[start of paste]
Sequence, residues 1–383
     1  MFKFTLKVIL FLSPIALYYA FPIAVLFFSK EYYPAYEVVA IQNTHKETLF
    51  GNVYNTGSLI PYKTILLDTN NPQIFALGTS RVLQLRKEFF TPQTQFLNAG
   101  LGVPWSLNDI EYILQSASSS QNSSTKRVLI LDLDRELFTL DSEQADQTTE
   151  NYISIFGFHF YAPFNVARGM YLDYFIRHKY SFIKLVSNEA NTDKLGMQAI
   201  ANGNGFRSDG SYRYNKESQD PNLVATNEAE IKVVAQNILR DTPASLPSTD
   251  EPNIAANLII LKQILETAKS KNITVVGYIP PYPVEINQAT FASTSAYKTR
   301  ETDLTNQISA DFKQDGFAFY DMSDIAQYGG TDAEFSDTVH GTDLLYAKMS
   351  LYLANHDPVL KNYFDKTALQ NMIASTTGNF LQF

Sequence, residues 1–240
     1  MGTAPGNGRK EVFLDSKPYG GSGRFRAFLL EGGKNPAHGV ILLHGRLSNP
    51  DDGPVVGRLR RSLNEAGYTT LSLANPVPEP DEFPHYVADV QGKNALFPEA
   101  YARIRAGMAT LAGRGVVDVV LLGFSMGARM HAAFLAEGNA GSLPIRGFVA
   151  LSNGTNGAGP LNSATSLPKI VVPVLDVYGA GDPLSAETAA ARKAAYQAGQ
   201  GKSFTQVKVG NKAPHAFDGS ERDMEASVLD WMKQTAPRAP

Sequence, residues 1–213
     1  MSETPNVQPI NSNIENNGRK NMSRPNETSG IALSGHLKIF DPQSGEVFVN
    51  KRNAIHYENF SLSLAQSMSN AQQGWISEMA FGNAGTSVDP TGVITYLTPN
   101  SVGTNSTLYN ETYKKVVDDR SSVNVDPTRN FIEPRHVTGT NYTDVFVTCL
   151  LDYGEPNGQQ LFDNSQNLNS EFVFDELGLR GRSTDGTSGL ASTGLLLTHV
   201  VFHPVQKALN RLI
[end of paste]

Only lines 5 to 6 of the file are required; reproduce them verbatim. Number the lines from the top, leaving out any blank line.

   151  NYISIFGFHF YAPFNVARGM YLDYFIRHKY SFIKLVSNEA NTDKLGMQAI
   201  ANGNGFRSDG SYRYNKESQD PNLVATNEAE IKVVAQNILR DTPASLPSTD